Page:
''Eventually, frequency saturation will occur,'' said Baseler. ''You can only provide so many flights a day, so airlines will have to go up in size and move out of the 100-to- 200-seat market and up to the 200-to-300- seat market. That will present an opportunity for an airplane the size of the 757.''

That may be occurring already. Delta Air Lines is in the process of replacing its 119-seat 737s with 183-seat 757s on flights between New York's JFK Airport and Fort Lauderdale, Orlando, Tampa and West Palm Beach, Fla., this winter. The carrier said the 50-percent-capacity boost along these routes is in response to strong demand.

Baseler also believes airlines will need airplanes like the 757 to replace aging airplanes. As more than 4,000 airplanes around the world approach retirement, airlines find the efficient 757-300 a profitable replacement for older DC-10s, L-1011s, A300s and A310s.

Designed for fuel efficiency, the 757 burns much less fuel than older airplanes and has dramatically lower operating costs. Compared to the 757-300, a DC-10 burns 53 percent more fuel per seat. The total cash operating cost per seat is 26 percent higher for an A300 and 54 percent higher for an L-1011 compared to the 757-300.

In fact, carriers like American Trans Air and Northwest Airlines are using 757-300s as replacements for aging fleets of L-1011s and DC-10s, respectively.

''The 757 family is playing a critical role in helping Northwest lower costs, enhance customer comfort, improve reliability, and reduce noise and emissions,'' said Greg May, vice president of Aircraft Transactions for Northwest Airlines. ''Both the -200 and -300 models are well-suited to the most popular domestic routes out of our convenient Minneapolis/ St. Paul, Detroit and Memphis hubs.''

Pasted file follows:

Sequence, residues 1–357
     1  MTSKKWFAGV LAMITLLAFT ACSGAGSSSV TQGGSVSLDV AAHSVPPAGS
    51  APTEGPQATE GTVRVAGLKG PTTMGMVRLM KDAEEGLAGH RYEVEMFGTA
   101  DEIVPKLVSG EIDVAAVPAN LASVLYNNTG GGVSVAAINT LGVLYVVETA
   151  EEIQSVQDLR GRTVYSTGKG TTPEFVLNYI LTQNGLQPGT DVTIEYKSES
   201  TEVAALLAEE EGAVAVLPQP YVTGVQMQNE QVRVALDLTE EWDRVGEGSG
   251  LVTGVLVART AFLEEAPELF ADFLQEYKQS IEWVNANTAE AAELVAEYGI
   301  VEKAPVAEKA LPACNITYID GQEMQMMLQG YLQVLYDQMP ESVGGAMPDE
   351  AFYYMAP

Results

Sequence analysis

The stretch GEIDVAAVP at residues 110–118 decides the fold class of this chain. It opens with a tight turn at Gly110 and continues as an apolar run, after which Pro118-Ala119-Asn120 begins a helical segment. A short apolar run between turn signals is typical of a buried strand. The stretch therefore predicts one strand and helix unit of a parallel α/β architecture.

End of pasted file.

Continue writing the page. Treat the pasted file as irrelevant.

Ready when they are

But with few new orders booked and a diminishing backlog for the 757, the airplane program must find a way to remain competitive until airlines are ready to order new airplanes. That's why activities like the Lean implementation are critical.

In addition to Lean, the 757 program also continues to invest in product features. Just this summer, Boeing increased engine offerings for the 757-300 when it had the model certified with Pratt & Whitney engines. It also is studying product development activities for a new freighter as well as a longer-range derivative called the 757-200ERX.

''As one of the world's most reliable, fuel-efficient and environmentally responsible airplanes, the 757 offers exceptional value to our customers,'' said Corvi. ''We're confident that airlines will continue to choose the 757 when they're financially stable. Until then, we'll continue to invest in improving our factories and processes.''

The success of this strategy rests in the hands of employees, Chamberlin added.

''Our employees know best how to put together the airplane efficiently and enhance quality to make sure the 757 is around for a long time,'' said Chamberlin. ''They really care about the success of the program. Even though manufacturing is not the whole picture, we're going to do our part to make sure the airplane continues to be successful.''

757 Fun Facts

• The 757 has carried more than 1.3 billion passengers, more than four times the population of the United States and Canada combined.

• In 20 years of operation, the 757 fleet has flown the equivalent of nearly 25,000 round-trips between the Earth and the Moon.

• The 757 fleet has produced more than 27 million hours of service for its operators, equivalent to about 3,080 years of continuous service.

• The 757 Freighter can hold more than 6 million golf balls.

• At 255,000 pounds (115,660 kilograms), the 757 weighs as much as a diesel train locomotive.

• The surface area of a pair of 757 wings is 1,951 square feet (181 square meters), about the same as the floor space of a threebedroom house in the U.S.

• There are about 626,000 parts in a 757. About 600,000 bolts and rivets fasten those parts together. There are about 60 miles (100 kilometers) of wires in the twinjet.


Front Page
Contact Us | Site Map| Site Terms | Privacy | Copyright
© 2002 The Boeing Company. All rights reserved.